2. I suppose no one will probably see my post since it is coming in relatively late but just in case:JoAnn has done a wonderful job of explaining how Jesus is so important and his teachings were not the only reason He came to us in the first place. Thank you, JoAnn. Karen explained the problem some people have with the "why?" It is really rather simple: it all has to do with faith. What some want is proof of God and that Jesus is the Son of God and died for us. However, to be a true believer in Christ you have to have faith and accept His life, death and resurrection. Otherwise, how can one truly believe in Him?

  3. I totally agree with everything you wrote in the above entry, although I've never thought of the big wad of chewing gum. Haha! I think of god as an infinite ocean, and we are each drops of water that cannot be separate. I grew up Jewish, and decided at an early age that religion was not for me. Now that I'm in my 40's, I'm madly in love with The Nanny. I love how Fran brought her traditions/Yiddish phrases to the show, and that the Christian family embraced it. More and more I'm appreciating my Jewish heritage even though I do not believe in organized religion. We're all one. If only everyone knew that. Thanks for your blog!

  4. What fun! Latin declensions and all. "Religo" — a mooring. At least you're not going with Cicero's relego (relegate, banish) (!) Though religion, as defined by humans, often appears to do just that. Sigh. "Religion" can indeed be toxic. But religion wasn't created by God; it was created by us. (Why do we feel the need? That's another blog, I suppose.) God is God — yes, separate and apart from "religion," quotes and all. I think we would get along much better if we learned that distinction. At least you believe there is Something to tie back to. I find it interesting that we so are so ready to define God on our terms, yet refuse to accept it when He defines himself (in the Bible and through Jesus). Or we pick and choose what part of God we can get behind (the love part) and promptly toss the rest (the moral/judgey part — from which we derive all ethics, by the way. C.S. Lewis, anyone?) That, to me, is absurd. Plus, as an actor, anthropomorphically speaking, I would think you could appreciate His appearing as a talking animal or in bushes or in some other guise wholly apart from us but with our characteristics even — the better to show us more about ourselves and reveal Himself to us in the process. I think creative people have a hard time realizing that the very "thing" they tap into in the creative process is literally God-breathed. Yes, as we all have some of that, it makes us part of the same whole, but it doesn't make us God or gods. Another important distinction. We are not the Source. And there has to be a source of this wad of gum, doesn't there? Who chewed us up and spit us out is what I want to know. 😉 To me, we are all simply men and women who create "religion" so we can put God in our neat little box and define Him. Again, why do we do that? Why do we feel the need?

  5. Wonderful comment there! Very heartfelt and intellectual. But if we are going to start discussing Quantum physics? This blog is officially over my head. Can someone please direct me to the minor league only-connect blog? (one for the high school grads) xo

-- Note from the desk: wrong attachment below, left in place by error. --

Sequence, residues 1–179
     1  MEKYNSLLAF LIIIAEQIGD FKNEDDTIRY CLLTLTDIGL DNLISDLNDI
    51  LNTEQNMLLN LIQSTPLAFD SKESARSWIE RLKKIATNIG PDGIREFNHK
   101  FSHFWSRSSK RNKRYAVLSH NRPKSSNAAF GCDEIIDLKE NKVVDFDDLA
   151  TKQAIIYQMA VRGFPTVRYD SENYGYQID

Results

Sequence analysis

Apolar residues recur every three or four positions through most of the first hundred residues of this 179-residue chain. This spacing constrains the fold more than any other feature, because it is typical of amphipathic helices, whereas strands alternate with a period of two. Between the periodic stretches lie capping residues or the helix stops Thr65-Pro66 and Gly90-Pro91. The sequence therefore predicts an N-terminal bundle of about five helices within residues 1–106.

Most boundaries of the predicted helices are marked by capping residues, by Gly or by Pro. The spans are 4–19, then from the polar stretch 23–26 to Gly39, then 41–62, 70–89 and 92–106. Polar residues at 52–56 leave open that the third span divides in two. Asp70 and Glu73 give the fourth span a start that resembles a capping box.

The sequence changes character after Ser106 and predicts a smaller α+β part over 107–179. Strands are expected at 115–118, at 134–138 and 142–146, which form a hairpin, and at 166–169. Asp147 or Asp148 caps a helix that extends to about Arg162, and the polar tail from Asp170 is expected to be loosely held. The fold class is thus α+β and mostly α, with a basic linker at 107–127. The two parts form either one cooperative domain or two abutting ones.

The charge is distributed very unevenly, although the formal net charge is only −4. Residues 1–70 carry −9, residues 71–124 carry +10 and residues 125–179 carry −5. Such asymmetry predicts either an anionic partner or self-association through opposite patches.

6. I know that religion is not always easy. It is difficult to accept by faith what one cannot see, but anything of great value is never really easy. I know that there are things that people cannot grasp. How, for instance, can Jesus Christ be the one and only way when millions of people never have even heard of Him. I am confident that each person who has or ever will live upon this earth will be granted an opportunity to receive His redeeming gift.I have mentioned my son, Dallin, before and I will do so again. Dallin is 18. He is a good young man who is very analytical and scientific in nature. He has struggled developing his own beliefs in God. He has a difficult time resolving science and religion. One day not long ago, I had a discussion with him. I asked him if he were standing holding a ball, what would happen if he let it go. Of course, he has had enough experience in life to know that the ball would fall to the ground. “Why?” I asked him. “Because of the law of gravity!” he replied. I continued, “You are sharing with me your knowledge of a physical law; one in which you have developed confidence. Why can you accept that there are physical laws, but cannot accept that in this vast universe there can also be spiritual laws?” Unlike my son, my study of physics has allowed me to have what I call “Ah-ha” moments. I have come to realize how little we know and how some things that we do know are still extremely difficult to comprehend. You mentioned the fact that light is both a particle and a wave. Likewise, I know that the double-split experiment shows that this single photon particle goes through both slits at the same time—how can this be? The theory of relativity shows us that time is not the consistent period that we have come to consider it, but rather something that is relative to speed and distance (something that my father still refuses to accept). Quantum physics shows us that energy is quantized and that an electron in an atom does not have a specific location until we take a measurement. I have also seen through my study of physics, that some things we as mortals see as impossible really are only improbable. None of these things can my weak, human mind comprehend, nevertheless, I know them to be true. I do not and will not dismiss them just because I cannot fully comprehend them. Likewise, I know that God is a personal being. Some may question my ability to ‘know’, but I cannot deny it just because it may not be easy for others or even myself at times to comprehend. I know that my Heavenly Father wants me back. I know He has provided a way, through His son, for me to have eternal life and an opportunity for me to continue in a family unit with those I have associated with and loved upon this earth.I hope that this nation never fails to uphold freedom of religion, including one’s right to reject religion all together. I will always defend a persons right to be something other than Christian. I am grateful for all good people of any beliefs or denomination. Charlie, I admire you for your courage, for your desire to live a moral and ethical life, and for the service you give your fellowman. It has been a pleasure to participate in your blog and getting to know just a little about you. What I have found is that this world could use more men like you.